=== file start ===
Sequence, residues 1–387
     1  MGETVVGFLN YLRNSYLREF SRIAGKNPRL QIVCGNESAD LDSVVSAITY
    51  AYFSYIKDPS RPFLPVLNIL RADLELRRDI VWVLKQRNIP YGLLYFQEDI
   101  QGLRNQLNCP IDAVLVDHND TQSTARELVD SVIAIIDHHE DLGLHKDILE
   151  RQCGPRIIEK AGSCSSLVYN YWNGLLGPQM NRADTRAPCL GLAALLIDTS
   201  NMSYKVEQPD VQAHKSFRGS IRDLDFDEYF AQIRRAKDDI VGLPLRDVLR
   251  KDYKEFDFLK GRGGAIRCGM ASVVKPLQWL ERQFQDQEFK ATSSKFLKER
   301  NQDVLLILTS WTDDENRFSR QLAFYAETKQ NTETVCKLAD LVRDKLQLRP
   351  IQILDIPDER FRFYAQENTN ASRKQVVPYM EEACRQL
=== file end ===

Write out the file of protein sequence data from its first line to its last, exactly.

Sequence, residues 1–387
     1  MGETVVGFLN YLRNSYLREF SRIAGKNPRL QIVCGNESAD LDSVVSAITY
    51  AYFSYIKDPS RPFLPVLNIL RADLELRRDI VWVLKQRNIP YGLLYFQEDI
   101  QGLRNQLNCP IDAVLVDHND TQSTARELVD SVIAIIDHHE DLGLHKDILE
   151  RQCGPRIIEK AGSCSSLVYN YWNGLLGPQM NRADTRAPCL GLAALLIDTS
   201  NMSYKVEQPD VQAHKSFRGS IRDLDFDEYF AQIRRAKDDI VGLPLRDVLR
   251  KDYKEFDFLK GRGGAIRCGM ASVVKPLQWL ERQFQDQEFK ATSSKFLKER
   301  NQDVLLILTS WTDDENRFSR QLAFYAETKQ NTETVCKLAD LVRDKLQLRP
   351  IQILDIPDER FRFYAQENTN ASRKQVVPYM EEACRQL